If you click the above quote, it will take you
to a beautiful page of e-cards by the magical
writer, Paul Coelho...
There has been a beautiful song running through my days, of late, and they are the words of my mother, who, three years ago, was given a very short time to live. I believe she has lived this long because of her amazing positive attitude, and faith, and the entire family and all who know her have been incredibly inspired by her. No matter how much pain she's been in, how sick, going through blood transfusions, hospitalizations and more, whenever I call to check on her the first words she says are, "Everyday's a good day."
Now, one knows that the reality of her situation has been grim at best, and it has been three years of terrible struggle with every kind of drug imaginable, experimental treatments, even Chinese medicine, but now, she is coming into her final times, and yet, if you called her today, she would tell you that every day is a good day, and she reminds me that that is the way I should approach life. And I am trying Mom, I'm really, really trying.
Take yesterday for example. Anyone who knows me knows that I have a hard time leaving my house. I do go a couple of times a week to babysit my 3 year old grandson whom I adore while my daughter is working on her Masters degree. I have to go there because he is allergic to my animals. I can go there because it's close, and Rachel's home is very homey and safe to me. I usually do whatever needs to be done on the way home, as quickly as possible, like grocery shopping, picking up meds, and so on. Yesterday was a different kind of day, following a peculiar series of events in the last few weeks.
Yesterday I had to go to the dentist to get my teeth cleaned and then straight to babysit. Now, I am not and have never been afraid to go to the dentist but it's that going out thing again. Well, I went and I babysat and all went well, until...
I have to back up here to tell you about the peculiar string of events that have happened since just before Christmas. I have longsince been called everything from a klutz, to, and more frequently, "The Absent Minded Professor." My mind is always zooming along and my body seems to have been bumping along on the ground behind me. I have broken bones, sprained things, and am always an array of different colors from having tripped over thin air and konked myself somehow. I lead a fascinatingly peculiar life. This time it started the Saturday before Christmas.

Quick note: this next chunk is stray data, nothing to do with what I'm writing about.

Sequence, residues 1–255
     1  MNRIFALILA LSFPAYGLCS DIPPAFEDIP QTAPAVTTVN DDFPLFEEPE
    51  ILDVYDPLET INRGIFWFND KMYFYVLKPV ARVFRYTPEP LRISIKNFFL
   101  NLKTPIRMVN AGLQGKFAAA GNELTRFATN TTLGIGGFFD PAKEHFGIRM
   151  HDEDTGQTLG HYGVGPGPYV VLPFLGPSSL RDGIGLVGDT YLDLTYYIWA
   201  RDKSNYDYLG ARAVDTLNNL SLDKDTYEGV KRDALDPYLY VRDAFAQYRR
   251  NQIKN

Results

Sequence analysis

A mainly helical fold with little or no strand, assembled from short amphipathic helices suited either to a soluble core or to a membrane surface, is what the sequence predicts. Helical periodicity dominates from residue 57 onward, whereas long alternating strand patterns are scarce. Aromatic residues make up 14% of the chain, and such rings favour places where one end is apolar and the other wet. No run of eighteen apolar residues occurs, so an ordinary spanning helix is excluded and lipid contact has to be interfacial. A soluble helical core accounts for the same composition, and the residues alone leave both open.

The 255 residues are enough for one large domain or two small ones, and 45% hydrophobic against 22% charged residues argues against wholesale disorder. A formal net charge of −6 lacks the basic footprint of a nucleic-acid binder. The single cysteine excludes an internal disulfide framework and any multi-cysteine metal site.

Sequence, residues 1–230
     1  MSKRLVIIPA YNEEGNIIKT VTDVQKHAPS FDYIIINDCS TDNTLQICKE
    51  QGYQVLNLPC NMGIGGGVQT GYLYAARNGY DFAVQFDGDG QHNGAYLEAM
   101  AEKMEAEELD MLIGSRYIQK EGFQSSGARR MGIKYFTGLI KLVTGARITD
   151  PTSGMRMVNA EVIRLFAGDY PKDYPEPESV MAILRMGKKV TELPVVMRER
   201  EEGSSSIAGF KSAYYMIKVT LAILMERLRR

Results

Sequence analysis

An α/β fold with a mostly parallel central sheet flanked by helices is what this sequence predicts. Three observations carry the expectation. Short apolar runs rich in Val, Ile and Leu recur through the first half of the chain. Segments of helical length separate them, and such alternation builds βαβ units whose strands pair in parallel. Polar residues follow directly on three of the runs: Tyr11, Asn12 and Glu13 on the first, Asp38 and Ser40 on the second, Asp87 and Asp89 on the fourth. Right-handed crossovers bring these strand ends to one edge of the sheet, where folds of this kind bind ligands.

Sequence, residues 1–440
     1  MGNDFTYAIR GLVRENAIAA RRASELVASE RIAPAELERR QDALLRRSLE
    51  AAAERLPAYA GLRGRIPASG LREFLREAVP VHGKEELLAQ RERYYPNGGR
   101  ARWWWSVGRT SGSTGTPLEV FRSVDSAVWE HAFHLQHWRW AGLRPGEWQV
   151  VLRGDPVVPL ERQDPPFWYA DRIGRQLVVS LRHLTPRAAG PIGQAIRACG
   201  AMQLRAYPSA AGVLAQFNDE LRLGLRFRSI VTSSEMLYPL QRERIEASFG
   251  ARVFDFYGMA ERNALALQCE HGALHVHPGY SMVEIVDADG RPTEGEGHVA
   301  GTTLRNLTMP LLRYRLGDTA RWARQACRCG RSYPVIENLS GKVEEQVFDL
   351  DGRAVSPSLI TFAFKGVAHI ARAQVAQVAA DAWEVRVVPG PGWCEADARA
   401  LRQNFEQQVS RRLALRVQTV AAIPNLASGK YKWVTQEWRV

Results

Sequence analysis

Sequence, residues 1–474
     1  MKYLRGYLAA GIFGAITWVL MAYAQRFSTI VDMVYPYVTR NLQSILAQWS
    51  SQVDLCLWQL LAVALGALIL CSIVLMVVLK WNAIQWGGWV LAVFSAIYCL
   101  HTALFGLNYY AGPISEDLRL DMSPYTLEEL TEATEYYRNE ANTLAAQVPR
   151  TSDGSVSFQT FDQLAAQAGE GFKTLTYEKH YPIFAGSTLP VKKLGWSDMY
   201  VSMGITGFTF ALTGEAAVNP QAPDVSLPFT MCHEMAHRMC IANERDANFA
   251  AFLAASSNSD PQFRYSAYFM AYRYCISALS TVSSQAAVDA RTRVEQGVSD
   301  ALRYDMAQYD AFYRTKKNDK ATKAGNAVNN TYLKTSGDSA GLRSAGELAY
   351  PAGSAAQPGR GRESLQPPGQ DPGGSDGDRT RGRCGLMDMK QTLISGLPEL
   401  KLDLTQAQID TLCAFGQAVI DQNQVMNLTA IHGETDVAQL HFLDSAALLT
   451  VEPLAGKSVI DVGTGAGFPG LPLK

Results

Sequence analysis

Now, it must be said that my feet are lopsided and cattywompus and most of you who have followed my writing for some time have heard of my ridiculous travails with my feet. You wouldn't know I was a dance minor in college and had had 15 years of ballet and tap, and in college Modern Dance, Jazz, etc. It's amazing I didn't kill myself or give someone a concussion with those feet. But my dainty feet days and slim body went by the wayside some time ago and in the late 90's I developed a tumor in my foot, had surgery, after a year of the doctor trying to avoid it, that cut everything to the bone in the arch of my foot, leading me to a year of sometimes hilarious and mostly not so hilarious debacles as I went from wheel chair, to crutches (I fell and broke the same foot that was healing the first day on crutches. My doctor nearly killed me!), and finally, able to walk unaided, one year later, and lurching about at odd angles because my foot was just never going to be right again, I just shrugged and got used to it. Bell's Palsy left me with a wonky face, the wonky foot fit right in. Except...